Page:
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In the settlement of Collector Holtzman's accounts for April and May, 1929, credit was not allowed for the salary payments made to Burns in excess of the rate of $1,900 per annum, the rate established by section 1 of the customs classification act of May 29, 1928 (45 Stat. 955), for clerks having two years' but less than three years' satisfactory service.

In the request for review it is contended that Burns became legally entitled to salary at the rate of $2,300 per annum by reason of his promotion on March 28, 1929, by administrative action, to an existing vacancy in grade CAF-6, under the provision in section 3 of said act of May 29, 1928, which reads:

Nothing in this act shall be construed to prevent the promotion of any employee at any time to a vacant position in a higher grade, and when so promoted such employee shall receive the compensation fixed in accordance with law for such position;

Section 1 of said customs classification act of May 29, 1928, provides, in so far as here material, as follows:

“That the following annual rates of compensation are hereby established for the employees in the Customs Service hereinafter specified:

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“(c) Clerks, entrance salary, $1,700; clerks having one year's satisfactory service, $1,800; clerks having two years' satisfactory service, $1,900; clerks having three years' satisfactory service, $2,000; clerks having four years' satisfactory service, $2,100; thereafter promotion of clerks to higher rates of compensation shall be in accordance with existing law.”

Said act was specifically made effective July 1, 1928. The phrase "existing law,” in the provision for promotion of clerks to rates above $2,100, would include section 3 of the act of May 26, 1928, supra, authorizing the heads of the departments to adjust the compensation of certain civilian positions in the field service, the compensation of which was adjusted by the act of December 6, 1924 (43 Stat. 704), as extended through subsequent fiscal years, to correspond, so far as may be practicable, to the rates established by said act of May 28, 1928, for positions in the District of Columbia. But the use of the word "thereafter” in the provisions for promotion of clerks to higher rates precludes from such promotion any clerk with less than four years' satisfactory service. Therefore, on and after July 1, 1928, $2,100 per annum is the maximum salary rate authorized for customs clerks in the field service who have had not more than four years' continuous satisfactory service, but higher rates are authorized “in accordance with existing law," and within available appropriations, for clerks who have had more than four years' continuous satisfactory service.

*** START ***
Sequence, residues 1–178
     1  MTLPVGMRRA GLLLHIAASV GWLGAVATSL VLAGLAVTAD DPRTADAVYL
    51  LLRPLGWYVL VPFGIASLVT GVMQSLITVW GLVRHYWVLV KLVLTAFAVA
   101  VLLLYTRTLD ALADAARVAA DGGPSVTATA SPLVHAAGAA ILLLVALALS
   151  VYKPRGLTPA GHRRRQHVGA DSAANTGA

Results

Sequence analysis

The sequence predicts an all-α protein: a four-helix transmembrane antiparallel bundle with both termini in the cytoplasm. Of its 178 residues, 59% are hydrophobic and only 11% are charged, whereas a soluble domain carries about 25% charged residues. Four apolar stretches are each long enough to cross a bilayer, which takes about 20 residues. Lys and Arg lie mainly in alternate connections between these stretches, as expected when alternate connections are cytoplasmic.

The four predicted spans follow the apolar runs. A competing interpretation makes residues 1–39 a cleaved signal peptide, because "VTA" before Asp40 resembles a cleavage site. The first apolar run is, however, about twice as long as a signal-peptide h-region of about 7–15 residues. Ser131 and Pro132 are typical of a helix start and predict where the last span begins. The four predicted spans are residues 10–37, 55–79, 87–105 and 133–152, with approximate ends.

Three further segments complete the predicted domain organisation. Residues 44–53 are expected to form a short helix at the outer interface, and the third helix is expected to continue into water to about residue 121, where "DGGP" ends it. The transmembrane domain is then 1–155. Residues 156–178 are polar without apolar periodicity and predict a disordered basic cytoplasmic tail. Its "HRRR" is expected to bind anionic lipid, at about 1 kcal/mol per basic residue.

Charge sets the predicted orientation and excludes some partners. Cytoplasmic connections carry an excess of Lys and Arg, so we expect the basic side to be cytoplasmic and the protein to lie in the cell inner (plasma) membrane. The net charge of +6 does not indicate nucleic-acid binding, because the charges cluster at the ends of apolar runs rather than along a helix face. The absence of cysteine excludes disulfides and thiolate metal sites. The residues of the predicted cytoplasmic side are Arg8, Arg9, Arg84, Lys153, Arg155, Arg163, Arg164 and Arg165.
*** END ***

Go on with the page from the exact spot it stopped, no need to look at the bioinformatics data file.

Section 3 of the statute quoted above on which the assistant collector of customs is basing his request for removal of the disallowances in the accounts of the collector, is not effective to authorize the administrative office to promote a clerk having not more than four years' continuous satisfactory service to rates of compensation in excess of $2,100 per annum while retaining the status of clerk. The section would permit the promotion of a clerk having any number of years' service, with the approval of the Civil Service Commission and subject to the usual limitations as to initial salary, to a vacant position not clerical in character with salary of more than $2,100 per annum, or to promote a clerk having more than four years' satisfactory service to a vacant clerical position with salary of more than $2,100 per annum. In other words, sections 1 and 3 of the statute are not inconsistent, and under the fundamental principle of statutory construction the two sections are to be construed in connection with each other. It would be most unreasonable to conclude that the Congress intended in section 3 of the statute to provide a means by which the administrative office could disregard the express terms of section 1 fixing a definite automatic increase based on longevity for clerks in the Customs Service.